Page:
Messina Marittima railway station

Messina Marittima

View of Messina Harbour looking towards the station.

View of Messina Harbour looking towards the station.
Location Piazza della Repubblica
98100 Messina
Messina, Messina, Sicily
Coordinates 38°11′16″N 15°33′49″E / 38.18778°N 15.56361°E / 38.18778; 15.56361Coordinates: 38°11′16″N 15°33′49″E / 38.18778°N 15.56361°E / 38.18778; 15.56361
Elevation 6 m (20 ft)
Operated by Rete Ferroviaria Italiana
Line(s) Palermo–Messina
Distance 223.764 km (139.041 mi)
from Palermo Centrale
Train operators Trenitalia
Architect Angiolo Mazzoni
Other information
Classification Gold
Opened 20 June 1889 (1889-06-20)
Rebuilt 1937–1939
Messina Marittima
Location within Sicily

Messina Marittima railway station (Italian: Stazione di Messina Marittima) is an interchange station for train and ferry services into and out of the city and comune of Messina, on the island of Sicily, Italy. Opened in 1889 and rebuilt between 1937 and 1939, it forms part of the Palermo–Messina and Messina–Siracusa railways.

The station is currently managed by Rete Ferroviaria Italiana (RFI). However, the commercial area of the passenger building is managed by Centostazioni. Train services to and from the station are operated by Trenitalia, and the connecting ferry services are operated by Bluvia. Each of these companies is a subsidiary of Ferrovie dello Stato (FS), Italy's state-owned rail company.


Messina Marittima railway station is adjacent to Messina Centrale railway station, which is in Piazza della Repubblica, southeast of the city centre.


Although Messina Centrale was inaugurated on 12 December 1866, it was not connected with the Port of Messina until 20 June 1889, when a 574 m (1,883 ft) long extension of the line from Palermo Centrale was opened to a new station,[1] which was named Messina Marittima.

The delay in making this connection was due to financial difficulties affecting the Società Vittorio Emanuele, which was taken over by the Società per le strade ferrate della Sicilia (better known as la Sicula) in 1885.

Both stations were severely damaged in the Messina earthquake of 1908 and later reconstructed.

A new station, incorporating both Messina Centrale and Messina Marittima, was built between 1937 and 1939 to replace the two old stations. Designed by the architect Angiolo Mazzoni, the two part passenger building is an example of rationalist architecture, with large spaces and imposing linear elements.


Passenger building


The passenger building is shaped like an arch lying on its side. The western end faces the road and the west pier of the port; the building then extends as a curved structure over the station yard above the platforms.

The south side of the building is attached and merged with Messina Centrale's passenger building.

The building's two levels are connected by escalators and pedestrian stairways; on the ground floor, there are a ticket office, bars, newsagents and services.


The passenger building is a typically impressive fascist design, not lacking in pomposity. Conceived by Mazzoni, its style, incorporating large spaces in a straightforward structure that emphasises the vertical, became the norm for public buildings of the era. Its design makes extensive use of travertine tiling and floor-to-ceiling windows.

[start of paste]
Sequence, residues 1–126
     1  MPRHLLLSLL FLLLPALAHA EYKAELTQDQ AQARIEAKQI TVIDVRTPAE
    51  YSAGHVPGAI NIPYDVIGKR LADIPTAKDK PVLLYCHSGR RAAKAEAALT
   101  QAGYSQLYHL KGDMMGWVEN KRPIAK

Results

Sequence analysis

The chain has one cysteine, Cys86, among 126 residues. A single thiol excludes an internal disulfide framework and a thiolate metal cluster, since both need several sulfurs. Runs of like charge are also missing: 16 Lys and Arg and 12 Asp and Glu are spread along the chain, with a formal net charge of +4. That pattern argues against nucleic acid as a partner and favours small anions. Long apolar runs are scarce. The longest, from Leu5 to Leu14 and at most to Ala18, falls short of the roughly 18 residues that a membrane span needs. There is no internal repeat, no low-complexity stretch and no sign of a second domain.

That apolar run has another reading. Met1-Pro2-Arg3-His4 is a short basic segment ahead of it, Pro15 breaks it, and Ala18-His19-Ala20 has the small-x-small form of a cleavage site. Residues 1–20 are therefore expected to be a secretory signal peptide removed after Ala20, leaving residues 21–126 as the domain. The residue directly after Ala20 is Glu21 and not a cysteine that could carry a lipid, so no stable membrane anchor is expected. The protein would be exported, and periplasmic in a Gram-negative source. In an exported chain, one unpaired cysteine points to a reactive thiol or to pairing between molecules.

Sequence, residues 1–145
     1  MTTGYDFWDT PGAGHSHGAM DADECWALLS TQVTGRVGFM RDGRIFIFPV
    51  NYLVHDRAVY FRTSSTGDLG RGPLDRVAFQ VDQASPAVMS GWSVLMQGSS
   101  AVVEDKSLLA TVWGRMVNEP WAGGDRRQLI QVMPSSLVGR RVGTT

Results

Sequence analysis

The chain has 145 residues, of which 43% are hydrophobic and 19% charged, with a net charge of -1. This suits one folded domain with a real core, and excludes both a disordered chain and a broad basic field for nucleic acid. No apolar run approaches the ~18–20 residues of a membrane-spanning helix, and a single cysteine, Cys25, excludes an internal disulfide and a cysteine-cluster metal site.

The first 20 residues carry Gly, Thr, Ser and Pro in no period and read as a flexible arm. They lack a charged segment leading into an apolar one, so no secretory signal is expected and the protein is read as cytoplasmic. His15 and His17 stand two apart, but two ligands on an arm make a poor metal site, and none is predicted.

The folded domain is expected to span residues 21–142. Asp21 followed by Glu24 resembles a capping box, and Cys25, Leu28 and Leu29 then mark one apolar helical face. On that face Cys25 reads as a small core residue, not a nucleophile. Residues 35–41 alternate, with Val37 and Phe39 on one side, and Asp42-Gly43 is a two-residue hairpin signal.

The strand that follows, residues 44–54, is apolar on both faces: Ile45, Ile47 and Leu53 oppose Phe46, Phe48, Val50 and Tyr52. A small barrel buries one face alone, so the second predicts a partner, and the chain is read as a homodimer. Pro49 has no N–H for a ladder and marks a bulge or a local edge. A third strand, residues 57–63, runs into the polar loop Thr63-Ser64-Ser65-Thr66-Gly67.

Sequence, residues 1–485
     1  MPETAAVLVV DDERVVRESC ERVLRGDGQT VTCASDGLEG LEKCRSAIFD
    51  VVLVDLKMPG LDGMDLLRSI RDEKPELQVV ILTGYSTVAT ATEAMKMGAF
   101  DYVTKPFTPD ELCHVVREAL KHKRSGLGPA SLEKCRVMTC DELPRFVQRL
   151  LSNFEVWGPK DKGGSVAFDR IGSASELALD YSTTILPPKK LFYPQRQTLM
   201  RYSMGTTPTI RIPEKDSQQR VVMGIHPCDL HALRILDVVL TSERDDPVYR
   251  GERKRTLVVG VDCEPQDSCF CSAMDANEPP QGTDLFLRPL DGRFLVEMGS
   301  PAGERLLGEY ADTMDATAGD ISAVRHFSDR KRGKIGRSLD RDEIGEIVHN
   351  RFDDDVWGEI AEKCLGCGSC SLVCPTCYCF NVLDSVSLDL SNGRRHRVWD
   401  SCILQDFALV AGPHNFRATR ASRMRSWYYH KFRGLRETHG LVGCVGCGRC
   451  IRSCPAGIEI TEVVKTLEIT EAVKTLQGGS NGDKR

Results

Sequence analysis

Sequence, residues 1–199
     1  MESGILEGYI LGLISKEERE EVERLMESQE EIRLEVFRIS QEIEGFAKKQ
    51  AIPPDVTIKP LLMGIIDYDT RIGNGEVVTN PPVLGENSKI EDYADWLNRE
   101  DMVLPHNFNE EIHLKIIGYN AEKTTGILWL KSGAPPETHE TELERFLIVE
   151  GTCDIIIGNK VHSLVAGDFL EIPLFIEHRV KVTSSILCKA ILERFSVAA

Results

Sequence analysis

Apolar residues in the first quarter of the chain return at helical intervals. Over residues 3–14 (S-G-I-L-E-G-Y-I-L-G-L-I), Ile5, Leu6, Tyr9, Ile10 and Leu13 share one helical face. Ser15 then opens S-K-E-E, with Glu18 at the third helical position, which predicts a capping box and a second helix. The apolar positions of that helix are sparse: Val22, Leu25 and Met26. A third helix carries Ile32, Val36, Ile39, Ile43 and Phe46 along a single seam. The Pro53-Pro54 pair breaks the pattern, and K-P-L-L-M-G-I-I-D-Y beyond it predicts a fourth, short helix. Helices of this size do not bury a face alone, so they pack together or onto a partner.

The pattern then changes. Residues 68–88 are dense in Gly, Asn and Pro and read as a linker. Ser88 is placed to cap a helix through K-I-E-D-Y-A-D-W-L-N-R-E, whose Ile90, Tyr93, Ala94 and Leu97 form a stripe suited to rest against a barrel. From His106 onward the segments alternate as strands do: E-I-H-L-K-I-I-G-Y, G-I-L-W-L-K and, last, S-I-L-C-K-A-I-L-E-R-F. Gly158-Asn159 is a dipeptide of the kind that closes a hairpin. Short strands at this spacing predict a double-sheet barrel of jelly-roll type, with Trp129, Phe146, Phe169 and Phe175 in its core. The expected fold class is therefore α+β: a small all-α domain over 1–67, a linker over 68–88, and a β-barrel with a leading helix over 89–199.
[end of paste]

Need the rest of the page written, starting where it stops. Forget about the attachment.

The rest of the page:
Salon of Mosaics

The Salon of Mosaics.

The north side of the passenger building extends parallel to the waterfront, as a long panoramic enclosed bridge crossing the group of tracks leading to the ferry berths.

The hall, or salon, from which the ferries' docking and boarding operations can be seen, is decorated with a magnificent mosaic in vitrified tiles depicting historical, social and environmental themes borrowed from the Sicilian tradition.

From openings in the salon at intervals corresponding to the individual berths, long covered gangways extend downwards to give access to passenger ferries.

The final design of the great mosaic was the work of notable Italian artist Michele Cascella. Its subject was inspired by a Mussolini speech to Palermo that "raised" Sicily to "the burden of being the Centre of the Empire".

Execution of the work, based on the painted study, was commissioned by the Opificio delle pietre dure from the Scuola del Mosaico of the Reverenda Fabbrica di San Pietro.

Station yard

The station yard consists of six tracks used by both passenger and freight services. From the waterfront, these tracks run past two sets of sidings, one on each side, and then fan out into ten tracks extending to the adjoining Messina Centrale station.


Messina Marittima offers interchange with ferries to Villa San Giovanni and Reggio Calabria.

Piazza della Repubblica, outside the main entrance to Messina Centrale, is a stop on the Messina tramway.

See also


Media related to Messina Marittima railway station at Wikimedia Commons

This article is based upon a translation of the Italian language version as at September 2012.

This article is issued from Wikipedia - version of the 12/26/2015. The text is available under the Creative Commons Attribution/Share Alike but additional terms may apply for the media files.